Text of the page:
West Indies spinner Sunil Narine has been catapulted by the I.C.C. into a sideline situation similar to what has been affecting the ability of Shane Shillingford to pursue his trade as a bowler at the international level. Both players have suffered multiple reports by umpires who question the legality of their bowling actions. In either case the controversy has been over their slower delivery, particularly the one which spins away outside the right hand batsman's off stump. The latest umpiring verdicts have followed attempts at providing Shillingford and Narine with remedial therapy of sorts, which apparently has proved futile in getting them to meet compliance with Law Nº 26 which governs the fairness of a delivery.

My personal and honest observation, on initial viewing of both Shillingford and Narine in action is that they do not always satisfy the No Ball Law, and most leading batsmen of forty years ago, at club level would have taken stern exception to either of these gentlemen bowling to them in the nets. They would have been summarily dismissed and debarred from bowling until they had tidied up their actions.

The long and short of it is that in baseball you "pitch" but in cricket you "bowl'. Law Nº 26 of the Laws of Cricket amplifies the requirement. "For a delivery to be fair, the ball must be bowled not thrown…." And it further stated: "A ball shall be deemed to have been thrown if in the opinion of either umpire, the process of straightening the bowling arm, whether it be partial or complete, takes place during that part of the delivery swing which directly precedes the ball leaving the hand."

It should be noted too that the law in question allows the bowler to employ wrist action in propelling the ball. Very obvious inference is that illegal straightening of the bowling arm has to do here with action at the elbow. One only throws an object by first bending the elbow and then straightening it forcefully or otherwise to propel that object. Cricketers of the old school in Dominica quaintly referred to the action as "stoning", "pelting" or just "throwing". One old timer fondly termed it "mixing it".

Why is throwing frowned upon in cricket? Simply because it provides the bowler with an unfair advantage which hinders the batsman from following the likely trajectory of the ball. A delivery seeming to be headed for a full length suddenly dips, as they say, beneath the batman's radar: In addition, a thrown delivery may incorporate added pace and spin while providing the bowler with unusual accuracy defeating the ability of even good batsmen at gauging the true flight. Then, also, a throw may attain greater bounce off the pitch. Psychological benefit to the bowler measures in the surprise element. You can't be sure which delivery is thrown or which is about to be thrown.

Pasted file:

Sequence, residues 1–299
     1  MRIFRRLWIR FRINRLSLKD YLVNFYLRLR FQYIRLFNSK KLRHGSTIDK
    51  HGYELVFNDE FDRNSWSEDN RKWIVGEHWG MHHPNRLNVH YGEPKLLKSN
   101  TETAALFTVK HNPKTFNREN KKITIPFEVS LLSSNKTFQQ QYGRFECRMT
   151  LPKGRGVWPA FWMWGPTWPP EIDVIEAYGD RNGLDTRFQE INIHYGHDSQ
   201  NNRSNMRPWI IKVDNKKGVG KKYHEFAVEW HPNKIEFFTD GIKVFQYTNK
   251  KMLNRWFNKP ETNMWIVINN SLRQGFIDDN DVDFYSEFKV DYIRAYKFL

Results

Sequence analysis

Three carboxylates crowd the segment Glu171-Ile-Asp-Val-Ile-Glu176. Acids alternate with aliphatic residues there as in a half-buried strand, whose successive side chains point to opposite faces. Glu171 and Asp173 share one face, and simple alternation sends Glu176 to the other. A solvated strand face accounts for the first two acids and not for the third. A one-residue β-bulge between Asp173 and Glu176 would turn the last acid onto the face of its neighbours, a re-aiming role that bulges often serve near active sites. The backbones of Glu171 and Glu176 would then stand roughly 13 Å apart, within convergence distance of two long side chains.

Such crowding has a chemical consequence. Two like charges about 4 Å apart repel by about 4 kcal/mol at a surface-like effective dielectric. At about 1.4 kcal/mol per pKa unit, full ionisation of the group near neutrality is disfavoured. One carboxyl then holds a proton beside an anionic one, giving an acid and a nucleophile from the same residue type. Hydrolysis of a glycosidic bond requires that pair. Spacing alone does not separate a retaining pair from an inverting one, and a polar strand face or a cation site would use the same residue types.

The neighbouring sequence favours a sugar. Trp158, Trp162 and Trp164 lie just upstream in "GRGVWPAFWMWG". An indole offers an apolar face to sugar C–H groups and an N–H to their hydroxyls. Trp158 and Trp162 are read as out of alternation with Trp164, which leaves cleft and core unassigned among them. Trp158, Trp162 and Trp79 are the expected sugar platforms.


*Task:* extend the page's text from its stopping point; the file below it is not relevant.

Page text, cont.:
Up to several years ago the responsibility of calling a bowler for throwing was left entirely to the match umpires. And that's how the matter ought to have remained - moreso there are nowadays neutral umpires assigned to intemational matches. It is somewhat inelegant that the adjudication on throwing is now relegated to behind closed doors. This constitutes an oddity in context of current reviewing of decisions aided by electronic devices. For instance, if an umpire's decision on LBW can be negated on a number of grounds, including illegal footwork, there should not, in the logical sense, be any grounds not to disallow a decision for illegal armwork!

Somehow the present scenario seems to be one of attempting to avoid taking of the punitive action advocated in the Law. This has led to administrative gymnastics limiting bowlers to a tolerance of fifteen degrees in the straightening of the elbow. Can we enquire who is to measure the straightening angle and how this is done? We ought not to complicate a straight forward issue. Umpires are paid to do a job. They should do so on the field of play with or without electronic assistance.

Looming as a huge specter in the throwing controversy has been Sri Lankan spinner Muttiah Murrallitharim. He was apparently allowed to bowl or throw his way to a world record in excess of eight hundred Test wickets. Like Bishen Bedi of India, I have great difficulty in exonerating Murralli from the enormity of throwing. Leads me to assert if he suffered from a deformity preventing him from meeting the dictates of Law 26, he should never have been allowed to bowl, far less to achieve a world record!

Any resort to placing bowlers under remedial therapy should never have been the business of the International Cricket Council. No countries should ever have been allowed to field bowlers with bowling actions forbidden by the laws of cricket. In similar vein neither the Windward Islands nor Dominica should feel comfortable with whitewashing the bowling actions of anyone quite visible as prime suspects.

Where do we draw the line? The answer is where it is drawn under Law 26. Money matters ought not to be a valid issue. We should stop bowlers transgressing the law by nipping offensive actions in the bud. Players should not go through school cricket, youth cricket, first class cricket and then international cricket before the requisite sanctions are enforced under a law which reads as clear as day.

Where have we led ourselves? Should a lengthy footnote be inserted in the cricket records about Murrallitharim's questionable bowling action? Should the same be done for Shillingford and Narine? What laudable excuse or apology can we offer the batsmen who have fallen victim to any bowler with suspect bowling actions? Is there any way of validating past situations alongside the good faith of commercial sponsors? Throwing should be stopped stone cold in its tracks. It ain't fair.